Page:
Paul Franklin lost both his legs serving in Afghanistan, but as he told an Abbotsford Chamber of Commerce luncheon on Wednesday, it was the best thing that ever happened to him.
“What was the other option? Death. So this has to be the best thing that ever happened – there is no other option.”
Franklin acknowledges he would never want to go through the difficult rehabilitation, but he is happy to be alive. Now, he travels and tells his story to raise public awareness and support for other amputees and veterans.
He is the co-founder of the Heroes Hockey Challenge, which raises funds for veterans by hosting hockey games between soldiers and former NHL players. The next Heroes Hockey Challenge will be held in Abbotsford.
Franklin said he lives to support his 13-year-old son, Simon.
“In a long enough timeline, we’re all dead – it’s how you live in that timeline that you’re given.”
The retired master corporal joined the Canadian military as a medic at 30 years old. He was deployed to Afghanistan with the 3rd Battalion, Princess Patricia’s Canadian Light Infantry. Franklin said he and his fellow soldiers knew they had to keep their wits about them, so they continued to retrain and re-certify each other. He taught his fellow soldiers how to use tourniquets and other medical equipment.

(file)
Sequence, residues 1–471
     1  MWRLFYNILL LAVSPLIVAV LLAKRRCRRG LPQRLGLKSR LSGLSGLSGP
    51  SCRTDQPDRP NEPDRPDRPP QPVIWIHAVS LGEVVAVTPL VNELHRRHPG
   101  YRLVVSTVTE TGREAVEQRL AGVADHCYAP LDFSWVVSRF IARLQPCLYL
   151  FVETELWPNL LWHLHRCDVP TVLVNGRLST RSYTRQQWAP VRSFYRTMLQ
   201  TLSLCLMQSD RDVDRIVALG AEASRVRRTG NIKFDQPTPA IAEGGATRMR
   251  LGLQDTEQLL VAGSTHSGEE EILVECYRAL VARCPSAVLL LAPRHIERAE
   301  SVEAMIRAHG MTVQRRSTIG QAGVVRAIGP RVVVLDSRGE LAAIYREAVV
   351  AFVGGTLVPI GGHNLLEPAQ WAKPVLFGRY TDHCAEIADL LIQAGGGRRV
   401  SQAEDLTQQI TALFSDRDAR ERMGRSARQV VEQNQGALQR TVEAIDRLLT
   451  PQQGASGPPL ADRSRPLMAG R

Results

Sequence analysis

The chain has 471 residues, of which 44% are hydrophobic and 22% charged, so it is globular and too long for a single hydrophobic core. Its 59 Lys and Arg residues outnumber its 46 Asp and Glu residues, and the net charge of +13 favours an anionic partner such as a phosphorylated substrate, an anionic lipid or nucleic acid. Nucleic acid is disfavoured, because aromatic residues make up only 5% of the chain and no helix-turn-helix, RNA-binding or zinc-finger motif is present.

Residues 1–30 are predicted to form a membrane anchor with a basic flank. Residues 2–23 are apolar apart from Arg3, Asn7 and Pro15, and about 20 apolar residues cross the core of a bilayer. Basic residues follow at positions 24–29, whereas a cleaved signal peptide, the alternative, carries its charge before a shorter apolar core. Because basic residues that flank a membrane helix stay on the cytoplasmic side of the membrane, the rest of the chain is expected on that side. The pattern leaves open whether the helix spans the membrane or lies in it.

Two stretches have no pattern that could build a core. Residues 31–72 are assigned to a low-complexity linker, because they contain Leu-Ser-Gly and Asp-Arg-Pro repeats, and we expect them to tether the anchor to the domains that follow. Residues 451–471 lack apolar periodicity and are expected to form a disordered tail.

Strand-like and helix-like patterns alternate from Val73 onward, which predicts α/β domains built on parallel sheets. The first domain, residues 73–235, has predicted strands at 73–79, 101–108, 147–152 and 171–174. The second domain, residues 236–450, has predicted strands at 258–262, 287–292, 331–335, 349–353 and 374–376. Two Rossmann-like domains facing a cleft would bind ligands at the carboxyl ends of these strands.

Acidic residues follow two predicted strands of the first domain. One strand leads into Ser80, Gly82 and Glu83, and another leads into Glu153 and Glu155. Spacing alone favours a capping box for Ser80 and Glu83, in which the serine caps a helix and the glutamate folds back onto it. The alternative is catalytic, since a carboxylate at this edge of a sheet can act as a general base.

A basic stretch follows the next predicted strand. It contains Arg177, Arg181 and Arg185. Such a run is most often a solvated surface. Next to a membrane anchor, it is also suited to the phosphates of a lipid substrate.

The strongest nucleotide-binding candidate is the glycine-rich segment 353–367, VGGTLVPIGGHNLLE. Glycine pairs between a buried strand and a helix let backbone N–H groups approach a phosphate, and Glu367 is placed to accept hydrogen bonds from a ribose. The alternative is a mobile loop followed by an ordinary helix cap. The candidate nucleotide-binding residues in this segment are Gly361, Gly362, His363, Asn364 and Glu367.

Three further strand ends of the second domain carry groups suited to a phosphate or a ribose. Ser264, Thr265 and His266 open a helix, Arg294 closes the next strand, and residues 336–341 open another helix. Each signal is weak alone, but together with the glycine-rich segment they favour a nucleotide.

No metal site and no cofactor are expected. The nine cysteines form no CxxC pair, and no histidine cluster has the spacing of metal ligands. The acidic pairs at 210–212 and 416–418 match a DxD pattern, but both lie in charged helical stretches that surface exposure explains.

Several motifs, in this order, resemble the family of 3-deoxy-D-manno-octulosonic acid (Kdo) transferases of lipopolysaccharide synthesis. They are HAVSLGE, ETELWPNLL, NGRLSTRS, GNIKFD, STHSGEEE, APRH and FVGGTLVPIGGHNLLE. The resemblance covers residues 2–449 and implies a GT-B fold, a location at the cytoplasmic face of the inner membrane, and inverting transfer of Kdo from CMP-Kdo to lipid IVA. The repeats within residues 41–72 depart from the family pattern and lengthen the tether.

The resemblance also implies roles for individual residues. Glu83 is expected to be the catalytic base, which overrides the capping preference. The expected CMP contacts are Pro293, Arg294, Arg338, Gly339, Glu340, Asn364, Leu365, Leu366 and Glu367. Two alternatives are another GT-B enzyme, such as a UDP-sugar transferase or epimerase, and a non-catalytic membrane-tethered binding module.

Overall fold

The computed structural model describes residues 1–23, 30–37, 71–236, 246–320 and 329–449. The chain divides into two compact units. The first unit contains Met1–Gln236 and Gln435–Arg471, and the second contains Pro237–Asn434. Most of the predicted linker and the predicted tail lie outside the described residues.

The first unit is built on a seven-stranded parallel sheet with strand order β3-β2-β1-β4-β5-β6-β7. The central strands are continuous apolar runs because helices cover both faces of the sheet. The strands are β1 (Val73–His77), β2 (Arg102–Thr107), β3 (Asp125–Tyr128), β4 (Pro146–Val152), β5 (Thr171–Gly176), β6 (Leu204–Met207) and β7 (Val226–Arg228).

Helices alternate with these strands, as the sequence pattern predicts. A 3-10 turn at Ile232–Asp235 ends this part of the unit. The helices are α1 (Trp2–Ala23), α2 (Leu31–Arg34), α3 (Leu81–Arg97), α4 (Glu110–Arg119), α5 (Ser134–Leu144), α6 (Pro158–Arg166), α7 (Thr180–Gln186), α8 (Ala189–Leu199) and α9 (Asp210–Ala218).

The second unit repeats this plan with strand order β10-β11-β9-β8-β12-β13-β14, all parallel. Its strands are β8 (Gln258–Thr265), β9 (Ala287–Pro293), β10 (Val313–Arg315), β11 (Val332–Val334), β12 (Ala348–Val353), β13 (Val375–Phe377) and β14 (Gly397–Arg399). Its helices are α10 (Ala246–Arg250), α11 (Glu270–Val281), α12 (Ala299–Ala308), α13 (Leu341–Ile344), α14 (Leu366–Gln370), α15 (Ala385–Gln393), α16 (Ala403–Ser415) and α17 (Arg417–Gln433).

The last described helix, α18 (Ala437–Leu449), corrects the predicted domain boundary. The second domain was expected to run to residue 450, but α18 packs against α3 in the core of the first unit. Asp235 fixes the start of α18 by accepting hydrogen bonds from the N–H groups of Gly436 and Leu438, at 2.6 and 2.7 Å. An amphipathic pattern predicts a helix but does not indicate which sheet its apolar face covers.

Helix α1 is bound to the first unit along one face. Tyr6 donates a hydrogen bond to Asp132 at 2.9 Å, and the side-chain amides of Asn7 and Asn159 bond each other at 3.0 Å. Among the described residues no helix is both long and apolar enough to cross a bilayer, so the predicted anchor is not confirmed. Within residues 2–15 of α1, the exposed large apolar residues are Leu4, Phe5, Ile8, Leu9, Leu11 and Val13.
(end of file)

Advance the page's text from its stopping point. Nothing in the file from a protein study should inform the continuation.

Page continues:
On Jan. 15, 2006, with two weeks left in his tour, Franklin’s vehicle was hit by a suicide bomber. He lost one leg and the other was seriously damaged. As well, he suffered burns to his hands and face from flaming diesel fuel. He was assisted by his fellow soldiers and extracted from the area. Franklin spent a brief time stabilizing in a Germany military hospital before being transported to Glenrose Rehabilitation Hospital in Edmonton.
Franklin underwent 26 surgeries in one month in attempts to save his other leg, but it was eventually amputated. He became one of Canada’s first military double-above-the-knee amputees from the Afghanistan war. He now walks with prosthetics or uses a wheelchair.
His schedule includes extensive travelling from his home in Edmonton, and he uses his travel points to take trips with his son.
“What I do is I get my son to choose anywhere in the world he wants to go… last year it was Dubai, the year before was the Battle of Britain show and some army stuff in London, then it was a cruise in the Caribbean… Those are the kinds of things I want to do for my son.”
The Heroes Hockey Challenge will take place in Abbotsford in April. A gala will be held at the Phoenix Lounge on April 6 and on April 7, the Heroes Hockey Challenge game will be played at the Abbotsford Entertainment and Sport Centre between the NHL Lengends and the HHC Warriors, a team of active and retired soldiers of the Canadian Forces.
The NHL Legends team will include Pat Quinn as coach, Ryan Walter as assistant coach, as well as Kirk McLean, Cliff Ronning, Dave Babych, Geoff Courtnall, Russ Courtnall, Garth Butcher, Martin Gelinas, Greg Adams, Gino Odjick, Bill Ranford, Dave “Tiger” Williams, Orland Kurtenbach and others.
All proceeds from the event go directly to assisting wounded soldiers and their families, and the families of the fallen.
Tickets are available at the AESC box office or at www.heroeshockeychallenge.com.